He also runs an interest free revolving loan to small-scale enterprises for his constituents as well as a free Women Skills Acquisition programme for women and girls where no fewer than 15,000 have benefitted since its inception in 2007. Besides, he continues to encourage youth in politics through his mentorship. This tutelage is about service to man and country.

People still refer to the sixth and seventh Senate where Senator Mark was President as one of the examples of a patriotic parliament. The sixth Senate successfully navigated the nation through the uncertainties of the illness of a then sitting President late Umoru Yar’adua and transfer of power to his vice, Goodluck Ebele Jonathan. That singular act of Mark’s invocation of the famous Doctrine of Necessity saved the nation from the political logjam.

Mark’s tenure as Senate President (2007 to 2015) was characterised by parliamentary stability, harmonious relationship with other arms of government, particularly the executive, without compromising its statutory powers of checks and balances as well as parliamentary interventions to complex national challenges. His survival as Senate President for eight uninterrupted years where others before him failed, and when he was not given a whiff of a chance to survive the murky political waters is a study in political brinkmanship.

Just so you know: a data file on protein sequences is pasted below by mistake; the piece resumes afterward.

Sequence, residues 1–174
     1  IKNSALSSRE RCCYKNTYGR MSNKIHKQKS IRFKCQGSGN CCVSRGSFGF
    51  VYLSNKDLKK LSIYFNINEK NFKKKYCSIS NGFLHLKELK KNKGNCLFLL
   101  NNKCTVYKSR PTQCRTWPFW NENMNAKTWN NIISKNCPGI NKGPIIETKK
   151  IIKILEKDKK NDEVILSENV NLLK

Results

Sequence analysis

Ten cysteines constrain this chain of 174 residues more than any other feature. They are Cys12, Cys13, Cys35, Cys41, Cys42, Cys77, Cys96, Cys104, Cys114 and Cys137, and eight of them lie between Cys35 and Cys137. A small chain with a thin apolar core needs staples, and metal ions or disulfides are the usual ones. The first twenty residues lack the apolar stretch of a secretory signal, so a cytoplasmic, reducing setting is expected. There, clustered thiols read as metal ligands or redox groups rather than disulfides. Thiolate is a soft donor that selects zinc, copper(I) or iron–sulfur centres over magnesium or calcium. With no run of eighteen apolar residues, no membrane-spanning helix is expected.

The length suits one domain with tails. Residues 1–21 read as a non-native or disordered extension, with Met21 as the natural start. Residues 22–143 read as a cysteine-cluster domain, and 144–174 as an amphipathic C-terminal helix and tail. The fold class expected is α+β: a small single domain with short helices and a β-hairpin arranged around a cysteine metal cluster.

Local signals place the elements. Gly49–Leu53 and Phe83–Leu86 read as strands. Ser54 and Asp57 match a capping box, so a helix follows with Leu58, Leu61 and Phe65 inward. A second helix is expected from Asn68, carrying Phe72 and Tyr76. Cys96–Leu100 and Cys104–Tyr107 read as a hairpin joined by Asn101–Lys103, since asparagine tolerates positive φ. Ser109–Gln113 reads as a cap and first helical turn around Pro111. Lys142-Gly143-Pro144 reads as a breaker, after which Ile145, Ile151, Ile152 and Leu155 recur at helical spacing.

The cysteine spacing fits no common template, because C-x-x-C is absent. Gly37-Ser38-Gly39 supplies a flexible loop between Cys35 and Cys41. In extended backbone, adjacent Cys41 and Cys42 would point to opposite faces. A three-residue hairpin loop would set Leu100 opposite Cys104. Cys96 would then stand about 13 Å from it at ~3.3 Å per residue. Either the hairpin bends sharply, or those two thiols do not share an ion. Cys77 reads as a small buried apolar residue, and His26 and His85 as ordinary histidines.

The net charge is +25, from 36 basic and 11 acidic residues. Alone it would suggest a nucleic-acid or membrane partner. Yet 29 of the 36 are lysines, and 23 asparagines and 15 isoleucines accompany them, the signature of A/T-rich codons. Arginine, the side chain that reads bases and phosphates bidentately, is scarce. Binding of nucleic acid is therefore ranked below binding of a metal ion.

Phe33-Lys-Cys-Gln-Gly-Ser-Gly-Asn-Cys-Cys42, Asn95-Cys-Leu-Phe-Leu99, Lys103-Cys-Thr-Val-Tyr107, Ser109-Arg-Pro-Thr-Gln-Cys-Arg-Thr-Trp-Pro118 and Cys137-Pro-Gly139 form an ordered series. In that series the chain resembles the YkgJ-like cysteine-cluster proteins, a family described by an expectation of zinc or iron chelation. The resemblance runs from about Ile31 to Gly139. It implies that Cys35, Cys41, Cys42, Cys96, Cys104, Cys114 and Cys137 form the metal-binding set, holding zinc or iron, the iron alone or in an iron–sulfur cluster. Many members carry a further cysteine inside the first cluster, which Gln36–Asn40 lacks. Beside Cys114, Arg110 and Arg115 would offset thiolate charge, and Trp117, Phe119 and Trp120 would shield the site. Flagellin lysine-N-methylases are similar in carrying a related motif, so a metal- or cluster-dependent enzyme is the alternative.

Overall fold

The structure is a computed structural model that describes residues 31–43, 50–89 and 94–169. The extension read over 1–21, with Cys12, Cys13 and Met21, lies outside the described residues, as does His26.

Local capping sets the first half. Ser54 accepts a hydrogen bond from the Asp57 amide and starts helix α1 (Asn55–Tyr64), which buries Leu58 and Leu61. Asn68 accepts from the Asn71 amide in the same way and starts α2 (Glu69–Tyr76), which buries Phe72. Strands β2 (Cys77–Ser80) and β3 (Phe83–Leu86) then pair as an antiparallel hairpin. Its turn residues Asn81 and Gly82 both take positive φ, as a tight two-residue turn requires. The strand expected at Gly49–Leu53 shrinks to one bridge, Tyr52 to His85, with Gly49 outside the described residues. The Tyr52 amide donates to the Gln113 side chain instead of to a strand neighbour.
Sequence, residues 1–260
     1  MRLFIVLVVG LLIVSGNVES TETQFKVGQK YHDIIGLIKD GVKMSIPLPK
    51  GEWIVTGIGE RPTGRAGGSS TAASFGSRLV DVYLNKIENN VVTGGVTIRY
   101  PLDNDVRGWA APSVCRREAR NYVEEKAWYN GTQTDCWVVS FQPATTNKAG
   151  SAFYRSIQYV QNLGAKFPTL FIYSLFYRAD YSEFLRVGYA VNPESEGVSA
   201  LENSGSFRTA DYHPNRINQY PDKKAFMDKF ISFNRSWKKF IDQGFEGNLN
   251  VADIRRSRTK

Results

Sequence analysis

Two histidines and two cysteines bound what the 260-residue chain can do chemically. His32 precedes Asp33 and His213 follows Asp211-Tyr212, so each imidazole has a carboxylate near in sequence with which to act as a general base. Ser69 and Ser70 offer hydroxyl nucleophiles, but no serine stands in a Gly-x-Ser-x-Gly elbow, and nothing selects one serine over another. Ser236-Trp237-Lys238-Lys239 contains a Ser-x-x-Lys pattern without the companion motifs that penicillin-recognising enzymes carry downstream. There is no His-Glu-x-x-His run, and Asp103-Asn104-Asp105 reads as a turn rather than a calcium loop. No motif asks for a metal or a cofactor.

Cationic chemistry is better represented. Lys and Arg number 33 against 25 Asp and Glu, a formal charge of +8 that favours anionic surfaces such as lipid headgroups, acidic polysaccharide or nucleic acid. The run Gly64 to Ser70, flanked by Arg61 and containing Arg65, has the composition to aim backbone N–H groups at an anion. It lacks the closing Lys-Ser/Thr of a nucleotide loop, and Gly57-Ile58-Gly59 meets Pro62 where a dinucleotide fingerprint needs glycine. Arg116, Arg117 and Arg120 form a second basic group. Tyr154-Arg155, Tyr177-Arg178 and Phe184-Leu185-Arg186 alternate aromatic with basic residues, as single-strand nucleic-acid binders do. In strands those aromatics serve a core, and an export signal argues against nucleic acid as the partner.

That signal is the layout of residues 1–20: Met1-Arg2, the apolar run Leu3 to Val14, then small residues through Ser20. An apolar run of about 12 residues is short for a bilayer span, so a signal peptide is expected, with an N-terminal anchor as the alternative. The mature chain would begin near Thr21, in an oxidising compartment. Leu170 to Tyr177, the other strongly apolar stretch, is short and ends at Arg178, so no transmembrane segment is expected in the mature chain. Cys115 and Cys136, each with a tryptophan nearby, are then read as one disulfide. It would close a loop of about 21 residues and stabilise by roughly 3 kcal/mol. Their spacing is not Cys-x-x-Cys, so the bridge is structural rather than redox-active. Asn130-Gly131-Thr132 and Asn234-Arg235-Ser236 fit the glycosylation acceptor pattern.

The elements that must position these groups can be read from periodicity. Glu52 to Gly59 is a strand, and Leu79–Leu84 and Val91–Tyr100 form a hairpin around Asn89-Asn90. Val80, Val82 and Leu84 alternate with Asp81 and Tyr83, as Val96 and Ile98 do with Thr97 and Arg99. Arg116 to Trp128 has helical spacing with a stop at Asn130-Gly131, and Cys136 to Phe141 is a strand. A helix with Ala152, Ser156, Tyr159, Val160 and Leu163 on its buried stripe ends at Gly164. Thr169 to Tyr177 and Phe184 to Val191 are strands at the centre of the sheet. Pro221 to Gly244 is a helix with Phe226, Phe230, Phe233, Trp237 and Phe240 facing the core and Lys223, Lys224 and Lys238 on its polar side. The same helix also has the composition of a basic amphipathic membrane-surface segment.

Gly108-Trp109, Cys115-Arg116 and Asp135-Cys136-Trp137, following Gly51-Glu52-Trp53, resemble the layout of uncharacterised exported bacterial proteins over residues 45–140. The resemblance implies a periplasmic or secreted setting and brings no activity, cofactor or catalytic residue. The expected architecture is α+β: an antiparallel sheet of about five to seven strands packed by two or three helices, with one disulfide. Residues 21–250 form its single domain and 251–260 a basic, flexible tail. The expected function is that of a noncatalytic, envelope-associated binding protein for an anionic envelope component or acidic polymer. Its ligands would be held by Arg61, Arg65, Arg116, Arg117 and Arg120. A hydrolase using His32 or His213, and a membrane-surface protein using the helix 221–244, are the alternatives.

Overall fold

Of particular reference was Mark’s success in using the Senate in 2007 as a consultation platform to reach stakeholders in the crisis-ridden but oil rich Niger Delta region and laid the grounds for the resolution of issues that led to armed struggles in the area.

The success of the Amnesty Programme introduced by the President Umaru Yar’Adua’s administration to stabilise the oil bearing Niger Delta region was principally made possible by the successful interventions in the area on account of Mark’s led Senate Retreat in Port Harcourt, Rivers State in 2007.